Review of Ballard, M. Russell. “The Law of Sacrifice.”

Ballard, M. Russell. “The Law of Sacrifice.” In Yesterday, Today, and Forever: Timeless Gospel Messages with Insights from His Grandfathers Melvin J. Ballard and Hyrum Mack Smith, 113-31. Salt Lake City: Deseret Book, 2015. [Mormon/Sacrifice/Symbolism/Theology]

This chapter provides a helpful and insightful review of the Law of Sacrifice from the time of Adam to the Restoration, as understood in LDS theology. As an introduction Elder Ballard begins with the statement that the New Testament describes an era in which the law of sacrifice was changed after the death of Christ and it is helpful to consider how it was observed before and after the Atonement. He identifies two purposes for the law: 1) to test and prove God’s children; and 2) to bring us to Christ. His reasoning on the latter is interesting. “The law of sacrifice has always been a means for God’s children to come unto the Lord Jesus Christ,” he asserts. (p. 116) The first prerequisite is to have faith in Christ, and from the Lectures on Faith, we learn this is dependent upon possessing the idea that God exists, knowing his correct character and that one’s course of life is approved by God. We also learn from the Lectures, that the quality of faith sufficient to “lay hold” of life and salvation is generated by sacrifice. Thus, sacrifice is one means of coming to Christ. Moreover, the sacrifices themselves typified and foreshadowed the Savior’s life and mission. This is followed by a very brief section about the law of sacrifice in the pre-mortal life. D&C 138:56 and a quotation from President Joseph F. Smith are used as authority for this idea.

Elder Ballard then turns to a consideration of the law of sacrifice from Adam to Moses and asserts that two emblems were given to Adam: 1) the firstlings of the flock and 2, the firstfruits of the field. (p. 121) This is somewhat puzzling because it is generally thought that the “firstfruits” commandment came in the time of Moses. However, in the next section dealing with the law of sacrifice between Moses and the death of Jesus, he does say, “From Adam’s day to Moses’s, there was just one kind of sacrifice offered.” So it is uncertain if the earlier statement is an error, or if he had something else in mind. In addition, he explains that in the time of Moses there was an “expansion” of the number and variety of sacrificial offerings. The common element in them all is that they focus on Christ. [Parenthetically I note that on page 122, Elder Ballard lists nine parallels between the sacrifice and the Savior, however, number five is missing although two similarities may be found under number four. I suspect the sentence should have read “Fourth and fifth,” much like the following sentence begins “Sixth and seventh.” Something to correct in a future edition.]

The following section deals with the fulfillment of the law of Moses at the death of Christ which was the final blood sacrifice, and Elder Ballard shares his special Apostolic witness of this. He writes:

I stand as a special witness of this most singular event of all times. I testify in a unique way of the far-reaching effects of this most holy of all offerings. In a future day of another life when our finite reasoning will be expanded, we will more fully understand the penetrating powers of the Atonement and feel moved even more with gratitude, admiration, worship, and love toward our Savior in ways not possible in this present state. (p. 125)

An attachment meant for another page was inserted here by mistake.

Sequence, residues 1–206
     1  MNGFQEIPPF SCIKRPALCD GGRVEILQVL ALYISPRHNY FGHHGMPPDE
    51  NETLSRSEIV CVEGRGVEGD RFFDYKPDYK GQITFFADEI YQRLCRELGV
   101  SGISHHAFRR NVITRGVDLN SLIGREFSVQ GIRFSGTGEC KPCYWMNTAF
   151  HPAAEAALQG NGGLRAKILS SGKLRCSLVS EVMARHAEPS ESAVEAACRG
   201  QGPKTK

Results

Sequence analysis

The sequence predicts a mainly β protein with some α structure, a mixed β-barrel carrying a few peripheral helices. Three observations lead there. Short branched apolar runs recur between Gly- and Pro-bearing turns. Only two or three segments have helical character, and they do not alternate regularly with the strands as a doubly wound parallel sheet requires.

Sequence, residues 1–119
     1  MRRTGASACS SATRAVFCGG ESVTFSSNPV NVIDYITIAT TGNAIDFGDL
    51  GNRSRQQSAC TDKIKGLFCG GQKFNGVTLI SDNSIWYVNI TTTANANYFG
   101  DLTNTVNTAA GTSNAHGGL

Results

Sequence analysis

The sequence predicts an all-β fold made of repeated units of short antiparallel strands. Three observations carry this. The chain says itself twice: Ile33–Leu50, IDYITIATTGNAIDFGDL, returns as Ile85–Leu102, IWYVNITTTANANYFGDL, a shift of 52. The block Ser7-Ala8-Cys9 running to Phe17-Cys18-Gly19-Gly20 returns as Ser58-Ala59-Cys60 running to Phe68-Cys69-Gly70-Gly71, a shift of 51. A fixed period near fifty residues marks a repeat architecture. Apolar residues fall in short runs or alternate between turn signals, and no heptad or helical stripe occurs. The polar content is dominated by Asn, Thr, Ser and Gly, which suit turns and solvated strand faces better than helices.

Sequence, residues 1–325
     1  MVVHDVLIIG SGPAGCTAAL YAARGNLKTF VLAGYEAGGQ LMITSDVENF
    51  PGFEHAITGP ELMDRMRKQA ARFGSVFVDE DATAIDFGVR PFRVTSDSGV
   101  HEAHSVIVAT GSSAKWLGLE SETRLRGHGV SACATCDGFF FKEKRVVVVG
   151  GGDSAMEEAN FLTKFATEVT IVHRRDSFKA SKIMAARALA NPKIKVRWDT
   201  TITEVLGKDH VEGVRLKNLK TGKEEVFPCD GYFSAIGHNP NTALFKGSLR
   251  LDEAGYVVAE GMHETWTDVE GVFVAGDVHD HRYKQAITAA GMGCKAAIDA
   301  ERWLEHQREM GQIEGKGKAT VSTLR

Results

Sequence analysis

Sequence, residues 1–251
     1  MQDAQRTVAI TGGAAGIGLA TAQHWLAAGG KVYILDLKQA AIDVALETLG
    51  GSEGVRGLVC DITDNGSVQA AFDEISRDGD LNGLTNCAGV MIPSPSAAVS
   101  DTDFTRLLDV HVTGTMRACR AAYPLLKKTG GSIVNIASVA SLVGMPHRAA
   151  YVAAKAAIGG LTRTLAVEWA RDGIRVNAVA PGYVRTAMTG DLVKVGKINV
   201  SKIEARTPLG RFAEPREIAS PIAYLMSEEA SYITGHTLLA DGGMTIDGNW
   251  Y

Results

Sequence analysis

The Law of Moses is not the same as the law of Sacrifice. The law was fulfilled by Christ, but the principles of the law of sacrifice continued to be part of the Gospel with the same two purposes. Two adjustments were made after Christ’s death. Sacrament replaced sacrifice and the focus moved from a person’s animal to the person themselves. So, sacrifice pointed forward to the sacrificial atonement of Christ and the sacrament looks back to or memorializes it. The Savior “elevated” the law of sacrifice to a new level when he taught the Nephites, “And ye shall offer for a sacrifice unto me a broken heart and a contrite spirit. And whoso cometh unto me with a broken heart and a contrite spirit, him will I baptized with fire and with the Holy Ghost….” (3 Ne. 9:20) Commenting further on this, Elder Ballard says the higher practice of the law of sacrifice is for each individual to give up all that is ungodly and he cites Elder Neal A. Maxwell to the effect that we are to sacrifice the animal in us on the altar. We show our love by obedience and our willingness to live the law of sacrifice by keeping the First Great Commandment. “When we overcome our own selfish desires and put God first in our lives and covenant to serve Him regardless of the cost, then we are living the law of sacrifice.” (p. 126)

The chapter concludes with a look at the blessings which come from our sacrifice and a final challenge to keep the law, to “Offer [our] whole soul as an offering,” (Omni 1:26); to present our living bodies as a sacrifice, (Rom. 12:1); to covenant by sacrifice, (D&C 97:8); and to sacrifice the natural man, (Mosiah 5:2; Al. 3:14; and Moses 6:59-61). The Lord is the supreme example and his life and ministry established the pattern of sacrifice. Latter-day Saints are obligated to understand, teach, and practice this law.

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